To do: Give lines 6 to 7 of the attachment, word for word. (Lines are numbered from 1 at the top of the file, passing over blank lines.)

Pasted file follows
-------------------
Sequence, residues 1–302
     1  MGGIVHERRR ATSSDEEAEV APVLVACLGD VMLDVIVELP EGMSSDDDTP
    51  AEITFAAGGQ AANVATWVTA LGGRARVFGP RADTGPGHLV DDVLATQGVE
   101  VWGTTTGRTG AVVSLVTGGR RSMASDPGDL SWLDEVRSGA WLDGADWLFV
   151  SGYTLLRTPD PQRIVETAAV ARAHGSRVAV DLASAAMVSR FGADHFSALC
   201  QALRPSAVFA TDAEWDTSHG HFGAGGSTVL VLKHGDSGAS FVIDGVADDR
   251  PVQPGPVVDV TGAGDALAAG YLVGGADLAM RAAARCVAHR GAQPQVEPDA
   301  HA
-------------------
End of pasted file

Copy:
   201  QALRPSAVFA TDAEWDTSHG HFGAGGSTVL VLKHGDSGAS FVIDGVADDR
   251  PVQPGPVVDV TGAGDALAAG YLVGGADLAM RAAARCVAHR GAQPQVEPDA